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|Title:||Experience on endoscopic management of Iatrogenic bile duct injuries following laparoscopic cholecystectomy|
Cholecystectomy, Laparoscopic-adverse effects
|Publisher:||Quest Journals Inc.|
|Citation:||Journal of Medical and Dental Science Research.2016; 3(9): 20-23|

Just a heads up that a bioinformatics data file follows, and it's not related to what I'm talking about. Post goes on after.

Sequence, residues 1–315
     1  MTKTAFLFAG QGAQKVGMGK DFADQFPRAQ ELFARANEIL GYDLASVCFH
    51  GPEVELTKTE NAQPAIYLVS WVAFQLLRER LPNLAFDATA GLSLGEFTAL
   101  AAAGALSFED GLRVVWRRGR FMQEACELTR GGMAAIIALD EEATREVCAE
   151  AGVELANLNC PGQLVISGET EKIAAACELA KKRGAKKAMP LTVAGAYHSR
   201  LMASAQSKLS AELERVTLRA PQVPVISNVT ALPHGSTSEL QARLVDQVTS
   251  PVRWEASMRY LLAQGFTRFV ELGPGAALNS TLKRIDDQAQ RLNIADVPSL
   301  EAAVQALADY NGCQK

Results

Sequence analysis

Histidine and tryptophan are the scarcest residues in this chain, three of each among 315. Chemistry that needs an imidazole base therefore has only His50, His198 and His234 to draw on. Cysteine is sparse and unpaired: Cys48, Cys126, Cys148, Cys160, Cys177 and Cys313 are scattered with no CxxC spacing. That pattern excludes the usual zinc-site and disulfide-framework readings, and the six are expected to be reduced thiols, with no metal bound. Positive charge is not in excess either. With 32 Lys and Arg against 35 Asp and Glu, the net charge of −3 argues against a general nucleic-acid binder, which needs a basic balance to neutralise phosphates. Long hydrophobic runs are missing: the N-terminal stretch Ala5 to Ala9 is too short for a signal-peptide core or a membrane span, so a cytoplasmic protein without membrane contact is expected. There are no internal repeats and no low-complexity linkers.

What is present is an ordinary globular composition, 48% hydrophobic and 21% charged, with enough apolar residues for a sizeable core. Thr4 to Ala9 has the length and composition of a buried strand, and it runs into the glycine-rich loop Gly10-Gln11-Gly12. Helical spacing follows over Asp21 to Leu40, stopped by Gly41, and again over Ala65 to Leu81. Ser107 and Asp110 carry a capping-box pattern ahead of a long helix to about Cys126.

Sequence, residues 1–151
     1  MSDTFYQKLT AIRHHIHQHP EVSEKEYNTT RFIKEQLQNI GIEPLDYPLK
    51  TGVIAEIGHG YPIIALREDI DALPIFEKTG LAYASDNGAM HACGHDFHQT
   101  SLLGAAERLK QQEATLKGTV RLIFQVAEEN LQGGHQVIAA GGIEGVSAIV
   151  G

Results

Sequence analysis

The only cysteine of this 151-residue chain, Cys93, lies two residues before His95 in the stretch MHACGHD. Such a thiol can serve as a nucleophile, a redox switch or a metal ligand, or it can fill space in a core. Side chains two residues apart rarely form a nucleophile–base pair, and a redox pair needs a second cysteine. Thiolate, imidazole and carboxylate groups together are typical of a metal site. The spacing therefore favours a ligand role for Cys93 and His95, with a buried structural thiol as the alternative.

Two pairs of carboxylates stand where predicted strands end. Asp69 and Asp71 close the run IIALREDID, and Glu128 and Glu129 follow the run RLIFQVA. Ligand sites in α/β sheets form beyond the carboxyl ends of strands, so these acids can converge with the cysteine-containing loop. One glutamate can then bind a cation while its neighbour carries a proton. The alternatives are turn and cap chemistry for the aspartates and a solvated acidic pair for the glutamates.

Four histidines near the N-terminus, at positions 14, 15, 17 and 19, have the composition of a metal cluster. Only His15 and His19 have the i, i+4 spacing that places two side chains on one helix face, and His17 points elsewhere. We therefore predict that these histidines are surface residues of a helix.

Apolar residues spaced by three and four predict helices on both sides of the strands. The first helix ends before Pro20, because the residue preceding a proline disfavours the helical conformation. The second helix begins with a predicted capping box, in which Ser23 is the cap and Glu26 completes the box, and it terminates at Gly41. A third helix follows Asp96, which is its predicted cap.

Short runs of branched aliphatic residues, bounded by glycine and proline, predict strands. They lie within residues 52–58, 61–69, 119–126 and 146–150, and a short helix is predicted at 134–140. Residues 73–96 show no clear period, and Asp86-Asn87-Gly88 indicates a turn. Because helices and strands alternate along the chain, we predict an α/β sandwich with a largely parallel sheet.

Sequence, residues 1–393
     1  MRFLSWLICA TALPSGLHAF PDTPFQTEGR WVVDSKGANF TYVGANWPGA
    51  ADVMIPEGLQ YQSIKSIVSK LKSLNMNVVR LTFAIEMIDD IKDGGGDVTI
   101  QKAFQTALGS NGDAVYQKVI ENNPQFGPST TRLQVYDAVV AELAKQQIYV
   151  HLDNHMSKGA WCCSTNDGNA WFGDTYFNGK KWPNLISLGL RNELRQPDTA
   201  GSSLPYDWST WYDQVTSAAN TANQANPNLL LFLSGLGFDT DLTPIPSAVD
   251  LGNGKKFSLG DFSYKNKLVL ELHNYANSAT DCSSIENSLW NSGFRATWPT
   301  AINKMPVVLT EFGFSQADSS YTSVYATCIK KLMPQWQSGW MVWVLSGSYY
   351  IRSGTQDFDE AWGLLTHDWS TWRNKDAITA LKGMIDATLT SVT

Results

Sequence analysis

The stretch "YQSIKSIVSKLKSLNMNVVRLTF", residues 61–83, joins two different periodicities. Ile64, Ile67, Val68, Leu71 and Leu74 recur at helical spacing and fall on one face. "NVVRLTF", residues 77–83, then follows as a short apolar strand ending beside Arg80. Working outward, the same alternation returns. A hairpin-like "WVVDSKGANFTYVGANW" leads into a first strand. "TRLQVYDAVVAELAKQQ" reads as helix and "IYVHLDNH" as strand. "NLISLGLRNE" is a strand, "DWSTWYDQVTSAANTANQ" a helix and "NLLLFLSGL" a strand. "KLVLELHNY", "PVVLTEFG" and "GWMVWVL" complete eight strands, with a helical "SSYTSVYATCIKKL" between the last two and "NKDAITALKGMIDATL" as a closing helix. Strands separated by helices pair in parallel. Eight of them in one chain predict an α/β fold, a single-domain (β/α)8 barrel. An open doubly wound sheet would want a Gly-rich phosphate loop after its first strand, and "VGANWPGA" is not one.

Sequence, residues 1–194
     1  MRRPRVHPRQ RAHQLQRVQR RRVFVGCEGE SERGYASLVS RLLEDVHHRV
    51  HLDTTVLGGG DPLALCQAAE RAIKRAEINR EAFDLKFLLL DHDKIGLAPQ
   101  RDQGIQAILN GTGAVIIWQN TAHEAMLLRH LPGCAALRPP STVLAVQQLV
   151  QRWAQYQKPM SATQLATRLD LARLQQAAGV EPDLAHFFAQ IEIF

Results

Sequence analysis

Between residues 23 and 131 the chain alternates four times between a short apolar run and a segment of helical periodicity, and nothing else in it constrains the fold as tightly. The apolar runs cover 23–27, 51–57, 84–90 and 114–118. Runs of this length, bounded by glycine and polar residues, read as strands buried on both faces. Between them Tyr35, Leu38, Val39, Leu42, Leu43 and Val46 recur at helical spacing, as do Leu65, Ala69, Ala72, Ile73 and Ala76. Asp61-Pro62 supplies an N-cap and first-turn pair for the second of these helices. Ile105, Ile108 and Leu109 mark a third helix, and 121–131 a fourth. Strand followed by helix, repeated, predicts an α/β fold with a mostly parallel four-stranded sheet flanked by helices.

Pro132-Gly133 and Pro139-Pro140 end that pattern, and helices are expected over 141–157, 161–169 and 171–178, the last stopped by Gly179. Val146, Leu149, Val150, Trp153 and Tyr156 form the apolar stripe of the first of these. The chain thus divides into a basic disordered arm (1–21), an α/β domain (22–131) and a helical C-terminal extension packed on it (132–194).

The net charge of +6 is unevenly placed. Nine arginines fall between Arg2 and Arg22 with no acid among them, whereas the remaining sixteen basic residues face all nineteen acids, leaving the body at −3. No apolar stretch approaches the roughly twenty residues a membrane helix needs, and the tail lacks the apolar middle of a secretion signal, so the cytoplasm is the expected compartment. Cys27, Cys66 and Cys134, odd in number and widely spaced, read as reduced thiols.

|Abstract:||INTRODUCTION: Clinically significant bile leaks due to iatrogenic bile duct injuries following laparoscopic cholecystectomy is not infrequent. Endoscopic procedures have become the treatment of choice for the management of biliary leakage following iatrogenic bile duct injuries. GENERAL OBJECTIVE: To assess the therapeutic outcome of endoscopic therapy of the patients who had iatrogenic biliary injury and biliary leakage following laparoscopic cholecystectomy. METHODS: Prospective descriptive study was performed on32 patients who underwent therapeutic endoscopic procedures for iatrogenic injuries following laparoscopic cholecystectomy for symptomatic gall stone disease in the National Hospital of Sri Lanka. Bile leaks were diagnosed by the presence of persistent abdominal pain, jaundice with cholangitis, abdominal distension and persistent bile flow to the skin surface through and around the existing drains. All the patients underwent abdominal ultra-sonography or CT scan. The presences of bile leaks were confirmed by ERCP. RESULTS: Patients who had bile leaks were diagnosed by, persistent abdominal pain 30 % (9/30), jaundice with cholangitis 6.6% (2/30), abdominal distension 16.6% (5/30), and persistent bile flow to the skin surface through and around the existing drains, 46.6%(14/30). The median duration between initial surgery and detection of bile leak was 3 days (range 0-12 days). Twenty-three patients 76.6% had high-grade bile leaks and 7(23.4%) had low-grade leaks. The iatrogenic bile duct injuries were; cystic duct injuries 10(33.3%) (3 high grade: 7 low grade bile leaks), the common bile duct injuries 16(53.3%) and the right hepatic duct injuries 4(13.3%). All patients were subjected to therapeutic procedures, which consisted of Sphincterotomy with stone extraction followed by biliary stenting (10 patients), Sphincterotomy with biliary stenting (15 patients) and Sphincterotomy alone (5 patients). Bile leaks stopped in all patients at a median of 4 days (range 2-14 days) after endoscopic interventions. Drains were removed at a median duration of time of 6 days (range 5-16 days) after endoscopic procedures. Stents were removed at a 6-8 weeks’ interval. Three (3/6) who had low-grade cystic duct bile leaks, who underwent Sphincterotomy alone, had mean 3.6±0.88SEM days for complete cessation of bile leakage from the drains. Other three patients (3/6) who underwent Sphincterotomy and stent placement had mean of 3.0±0.57SEM days cessation of bile leakage (P=0.52, t-test). All high-grade bile leak (3/10) patients were offered Sphincterotomy and stent placement and had mean 6.8±0.5SEM days for complete cessation of bile leakage from the drains. CONCLUSIONS: Iatrogenic bile duct injuries occur commonly in the common bile duct. Residual stones are found in one-third of cases. No significant difference in healing was seen between the patients who had low-grade bile leaks due to cystic duct injuries and whom were offered either Sphincterotomy alone and Sphincterotomy and stenting.|
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